Stuttering is an interruption of the flow and rhythm of speech. This can come in many forms, the most well known of these is repetitions of sounds (s-s-sit), words (and-and-and) or whole phrases (my name is - my name is - my name is). These repetitions can be just once (s-sit) or can be multiple times (s-s-s-s-sit). Stuttering can also manifest as a prolongation of a sound when speaking (aaaaaaand then we) or as a 'block' in speech where it seems as though the speaker is stuck in trying to say a word and no sound comes out. Sometimes, a stutterer can display other behaviours such as grunts, blinking, grimaces or use of fillers (um/er) as part of the fluency disorder.
Who does stuttering affect?
Unfortunately, the exact cause of stuttering is unknown. Some people may be predisposed to stuttering if it runs in their family. Others can be the only person in their family to stutter. Stuttering can affect people of all ages and often begins in childhood, usually by the age of 3. For some, the onset of stuttering is slow and gradual, over days, weeks or months. For others, stuttering can begin in a matter of hours.
Speech Pathology Australia statistics report that as many as 8.5% of three year olds in Australia will stutter. Some children will naturally stop stuttering without any treatment. Unfortunately there is no way to predict who will recover spontaneously and once a child reaches adolescence and adulthood they are very unlikely to recover without treatment.
What impact will stuttering have on my child?
As children begin to be aware of their stuttering, it can cause frustration or anxiety. Children may be teased by their peers and have difficulties in social situations due to the interruption of their fluency. As they get older, anxiety can increase and stuttering can affect the academic and career choices of young adults. This may result in avoidance of or withdrawal from certain social situations.
What is the treatment for stuttering?
For children under the age of six years, The Lidcombe Program of Early Stuttering Intervention is recommended. This behavioural program has extensive research behind it and provides positive outcomes for preschool children who stutter. The program involves the child and their families in order to achieve generalisation across contexts. There is also research to support the use of The Lidcombe Program for school-aged children. For older children and adolescents who stutter, smooth speech and prolonged speech techniques have been shown to reduce and manage stuttering. Please speak to your therapist for futher information about these techniques.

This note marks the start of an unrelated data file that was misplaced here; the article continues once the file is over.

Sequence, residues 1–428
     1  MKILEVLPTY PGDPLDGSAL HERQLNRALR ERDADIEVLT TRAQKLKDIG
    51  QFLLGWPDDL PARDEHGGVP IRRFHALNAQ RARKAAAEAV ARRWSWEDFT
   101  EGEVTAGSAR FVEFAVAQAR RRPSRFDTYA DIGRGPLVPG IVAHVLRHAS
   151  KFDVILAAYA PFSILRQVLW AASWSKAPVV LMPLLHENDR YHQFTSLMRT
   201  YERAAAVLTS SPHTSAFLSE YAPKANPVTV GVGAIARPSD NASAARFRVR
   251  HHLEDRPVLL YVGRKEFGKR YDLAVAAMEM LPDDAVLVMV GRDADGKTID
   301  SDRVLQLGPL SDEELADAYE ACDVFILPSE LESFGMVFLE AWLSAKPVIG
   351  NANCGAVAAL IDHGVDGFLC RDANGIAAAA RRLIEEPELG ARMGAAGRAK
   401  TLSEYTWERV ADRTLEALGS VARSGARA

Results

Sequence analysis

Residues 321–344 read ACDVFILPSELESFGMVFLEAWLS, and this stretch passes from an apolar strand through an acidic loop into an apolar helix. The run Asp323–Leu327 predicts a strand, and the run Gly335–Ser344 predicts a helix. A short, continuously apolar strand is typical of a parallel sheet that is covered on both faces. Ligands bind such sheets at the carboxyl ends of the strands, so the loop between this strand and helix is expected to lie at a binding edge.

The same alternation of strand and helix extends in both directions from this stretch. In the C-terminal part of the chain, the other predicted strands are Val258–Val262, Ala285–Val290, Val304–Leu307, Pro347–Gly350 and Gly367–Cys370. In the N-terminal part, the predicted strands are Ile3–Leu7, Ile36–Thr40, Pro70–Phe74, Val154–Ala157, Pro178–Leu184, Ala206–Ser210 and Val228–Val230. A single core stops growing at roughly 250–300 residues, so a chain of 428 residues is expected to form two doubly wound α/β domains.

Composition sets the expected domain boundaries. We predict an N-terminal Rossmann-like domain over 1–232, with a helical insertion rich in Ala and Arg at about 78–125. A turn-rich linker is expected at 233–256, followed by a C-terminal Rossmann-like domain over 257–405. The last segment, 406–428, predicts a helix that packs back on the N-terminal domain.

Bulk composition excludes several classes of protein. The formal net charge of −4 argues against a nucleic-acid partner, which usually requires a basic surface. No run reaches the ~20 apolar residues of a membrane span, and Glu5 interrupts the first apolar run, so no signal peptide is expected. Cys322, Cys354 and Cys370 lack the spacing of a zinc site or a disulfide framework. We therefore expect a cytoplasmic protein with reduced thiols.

I've been told to wait and see if my child recovers on his own. When should I seek therapy?
Typically, treatment should begin within one year after the onset of stuttering during the preschool years as the effectiveness of treatment decreases for older children. Recent research has shown that not many children will recover from stuttering within that one-year period after onset.
The Australian Stuttering Research Centre reports that, "There is good evidence that when the decision is made to begin Lidcombe Program treatment that it is much better than natural recovery. With what is called a meta-analysis, it has been shown that a stuttering child who receives the Lidcombe Program has seven or eight times better odds of not stuttering than a child who does not receive the Lidcombe Program."
Can Curious Kids help my child who stutters?
Curious Kids therapists are trained in providing The Lidcombe Program to children and their families. Additionally they can work with older children to teach smooth speech and prolonged speech techniques to reduce stuttering.
Reference: Speech Pathology Australia Stuttering Factsheet, Australian Stuttering Research Centre